The Wall Street Journal reports IAV GmbH, a Berlin-based engineering company, is likely to face allegations that it aided Volkswagen's efforts to defeat U.S.emissions tests and regulations on diesel-powered vehicles using llegal software.
Volkswagen owns 50 percent of IAV GmbH with its subsidiary, IAV Automotive Engineering Inc., in Northville, Michigan. IAV designs products and provides testing support for powertrain, electronics and vehicle development in the automotive industry.
IAV is reportedly negotiating a settlement with Justice Department prosecutors, although a spokeswoman said in a statement: “While we cannot confirm or deny the existence of an investigation, the Justice Department is committed to holding both corporations and individuals accountable to the rule of law, and to protecting U.S. consumers and the environment.”
Last year, Volkswagen pleaded guilty to criminal charges in the emissions fraud scheme. The company agreed to pay penalties of more than $20 billion to settle suits brought by customers and state and federal prosecutors.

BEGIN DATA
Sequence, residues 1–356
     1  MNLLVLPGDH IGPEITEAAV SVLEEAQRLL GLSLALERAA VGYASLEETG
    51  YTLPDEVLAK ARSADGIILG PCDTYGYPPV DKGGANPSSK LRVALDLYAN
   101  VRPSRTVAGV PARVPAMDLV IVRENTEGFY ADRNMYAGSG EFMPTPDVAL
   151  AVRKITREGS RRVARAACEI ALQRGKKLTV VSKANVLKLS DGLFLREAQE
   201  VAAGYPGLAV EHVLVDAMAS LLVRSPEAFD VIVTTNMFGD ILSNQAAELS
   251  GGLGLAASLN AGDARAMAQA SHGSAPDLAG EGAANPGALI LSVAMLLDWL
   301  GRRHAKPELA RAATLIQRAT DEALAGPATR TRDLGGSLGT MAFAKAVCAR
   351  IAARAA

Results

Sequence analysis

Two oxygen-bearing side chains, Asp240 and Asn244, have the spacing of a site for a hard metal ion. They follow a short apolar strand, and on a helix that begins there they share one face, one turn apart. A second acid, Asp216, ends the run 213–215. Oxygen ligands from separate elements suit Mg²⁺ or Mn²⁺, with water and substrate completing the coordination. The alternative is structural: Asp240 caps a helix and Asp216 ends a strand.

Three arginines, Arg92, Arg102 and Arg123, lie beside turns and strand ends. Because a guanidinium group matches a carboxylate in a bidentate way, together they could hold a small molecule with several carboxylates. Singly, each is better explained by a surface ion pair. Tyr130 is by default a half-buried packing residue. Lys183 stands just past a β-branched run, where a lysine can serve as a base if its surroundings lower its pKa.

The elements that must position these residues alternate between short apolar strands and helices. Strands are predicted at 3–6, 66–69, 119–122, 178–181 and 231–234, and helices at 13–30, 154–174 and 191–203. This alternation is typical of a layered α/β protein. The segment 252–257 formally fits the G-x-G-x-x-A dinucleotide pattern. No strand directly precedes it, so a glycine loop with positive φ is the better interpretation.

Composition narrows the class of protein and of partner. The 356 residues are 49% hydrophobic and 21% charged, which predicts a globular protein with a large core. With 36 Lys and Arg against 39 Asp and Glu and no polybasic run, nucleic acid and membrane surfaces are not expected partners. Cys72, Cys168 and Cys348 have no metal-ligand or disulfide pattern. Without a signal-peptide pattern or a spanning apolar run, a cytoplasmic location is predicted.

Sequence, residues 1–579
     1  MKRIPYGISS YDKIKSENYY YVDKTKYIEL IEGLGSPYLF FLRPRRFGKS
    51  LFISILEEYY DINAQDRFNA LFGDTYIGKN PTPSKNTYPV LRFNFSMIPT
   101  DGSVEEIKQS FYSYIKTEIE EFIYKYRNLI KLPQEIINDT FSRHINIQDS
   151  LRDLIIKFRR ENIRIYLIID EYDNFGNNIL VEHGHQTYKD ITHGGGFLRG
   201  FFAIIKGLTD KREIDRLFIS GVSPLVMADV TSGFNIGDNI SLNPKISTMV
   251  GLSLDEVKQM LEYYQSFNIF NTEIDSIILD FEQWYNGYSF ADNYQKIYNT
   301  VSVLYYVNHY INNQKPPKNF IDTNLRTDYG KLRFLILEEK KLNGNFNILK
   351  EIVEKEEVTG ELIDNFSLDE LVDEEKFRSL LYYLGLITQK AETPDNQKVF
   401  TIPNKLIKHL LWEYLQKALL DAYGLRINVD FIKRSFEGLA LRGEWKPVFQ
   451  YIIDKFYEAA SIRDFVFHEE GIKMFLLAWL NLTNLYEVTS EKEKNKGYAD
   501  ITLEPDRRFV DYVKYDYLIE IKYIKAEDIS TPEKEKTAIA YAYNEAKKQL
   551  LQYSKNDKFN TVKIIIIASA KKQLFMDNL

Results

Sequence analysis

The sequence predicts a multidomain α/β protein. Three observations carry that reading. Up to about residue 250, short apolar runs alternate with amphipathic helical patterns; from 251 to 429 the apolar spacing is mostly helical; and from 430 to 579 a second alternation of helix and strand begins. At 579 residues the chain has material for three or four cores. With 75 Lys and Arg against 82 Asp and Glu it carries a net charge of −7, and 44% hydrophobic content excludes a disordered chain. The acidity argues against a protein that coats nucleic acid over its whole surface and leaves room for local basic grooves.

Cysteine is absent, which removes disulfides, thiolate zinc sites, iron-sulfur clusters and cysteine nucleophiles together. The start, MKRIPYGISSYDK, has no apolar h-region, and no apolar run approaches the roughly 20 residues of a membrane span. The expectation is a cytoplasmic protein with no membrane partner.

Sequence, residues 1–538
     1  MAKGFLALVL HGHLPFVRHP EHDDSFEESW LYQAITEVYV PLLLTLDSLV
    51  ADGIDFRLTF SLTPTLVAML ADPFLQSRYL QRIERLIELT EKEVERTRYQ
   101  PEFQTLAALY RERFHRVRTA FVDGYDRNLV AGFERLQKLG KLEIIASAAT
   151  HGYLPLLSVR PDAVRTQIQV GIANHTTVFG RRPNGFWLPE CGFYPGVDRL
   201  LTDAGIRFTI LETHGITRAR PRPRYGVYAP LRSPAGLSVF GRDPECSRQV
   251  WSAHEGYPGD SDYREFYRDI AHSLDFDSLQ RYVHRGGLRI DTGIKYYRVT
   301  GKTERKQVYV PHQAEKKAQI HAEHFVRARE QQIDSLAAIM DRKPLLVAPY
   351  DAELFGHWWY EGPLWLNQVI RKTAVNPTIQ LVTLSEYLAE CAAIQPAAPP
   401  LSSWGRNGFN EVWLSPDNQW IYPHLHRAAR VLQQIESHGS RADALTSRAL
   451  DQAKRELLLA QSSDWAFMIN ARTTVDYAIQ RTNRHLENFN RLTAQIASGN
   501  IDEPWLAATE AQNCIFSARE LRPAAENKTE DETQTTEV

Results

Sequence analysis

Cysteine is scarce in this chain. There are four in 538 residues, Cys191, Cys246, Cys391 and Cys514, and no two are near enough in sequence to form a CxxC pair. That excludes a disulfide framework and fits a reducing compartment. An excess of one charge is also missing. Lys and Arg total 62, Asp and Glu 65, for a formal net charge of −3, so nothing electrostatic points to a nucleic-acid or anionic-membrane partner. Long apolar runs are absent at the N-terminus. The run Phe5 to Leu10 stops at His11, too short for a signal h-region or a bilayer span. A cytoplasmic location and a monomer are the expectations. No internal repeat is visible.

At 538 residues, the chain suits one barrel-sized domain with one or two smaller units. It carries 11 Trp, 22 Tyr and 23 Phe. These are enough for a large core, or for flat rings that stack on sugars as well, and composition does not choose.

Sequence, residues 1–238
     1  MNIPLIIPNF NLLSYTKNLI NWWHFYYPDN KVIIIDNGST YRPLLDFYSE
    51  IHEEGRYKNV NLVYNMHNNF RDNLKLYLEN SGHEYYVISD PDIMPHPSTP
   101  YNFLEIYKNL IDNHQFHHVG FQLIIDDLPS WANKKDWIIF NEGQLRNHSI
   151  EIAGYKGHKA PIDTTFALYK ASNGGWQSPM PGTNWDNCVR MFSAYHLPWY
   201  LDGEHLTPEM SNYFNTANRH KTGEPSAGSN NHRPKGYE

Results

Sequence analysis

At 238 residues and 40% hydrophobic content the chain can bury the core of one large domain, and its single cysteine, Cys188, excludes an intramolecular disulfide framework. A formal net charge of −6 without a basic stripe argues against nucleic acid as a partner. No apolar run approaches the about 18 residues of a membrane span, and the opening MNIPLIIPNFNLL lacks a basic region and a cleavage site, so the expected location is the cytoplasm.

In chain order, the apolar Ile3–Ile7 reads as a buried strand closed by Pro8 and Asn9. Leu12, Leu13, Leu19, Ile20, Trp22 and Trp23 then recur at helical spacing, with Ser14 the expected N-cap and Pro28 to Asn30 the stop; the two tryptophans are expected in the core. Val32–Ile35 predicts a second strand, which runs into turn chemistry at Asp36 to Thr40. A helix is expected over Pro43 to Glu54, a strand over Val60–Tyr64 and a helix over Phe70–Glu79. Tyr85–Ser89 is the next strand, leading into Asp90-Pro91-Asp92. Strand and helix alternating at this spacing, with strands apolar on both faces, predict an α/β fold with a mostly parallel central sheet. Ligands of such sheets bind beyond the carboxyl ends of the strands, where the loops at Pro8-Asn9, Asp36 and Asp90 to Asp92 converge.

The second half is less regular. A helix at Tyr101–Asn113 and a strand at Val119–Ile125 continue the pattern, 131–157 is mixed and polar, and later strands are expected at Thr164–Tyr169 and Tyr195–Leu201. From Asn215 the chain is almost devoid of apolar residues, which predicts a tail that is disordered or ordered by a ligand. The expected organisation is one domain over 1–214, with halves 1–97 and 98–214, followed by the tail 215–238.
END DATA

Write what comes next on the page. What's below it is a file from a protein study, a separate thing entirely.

So far, eight people have been charged in criminal investigations of Volkswagen's emissions conspiracy. Two are serving prison time in the U.S., the other six have fled the country.
The Justice Department is also investigating other auto makers and suppliers for alleged emissions violations.
For more on this story, read the Journal's Volkswagen Supplier to Face Criminal Case in Emissions Fraud here.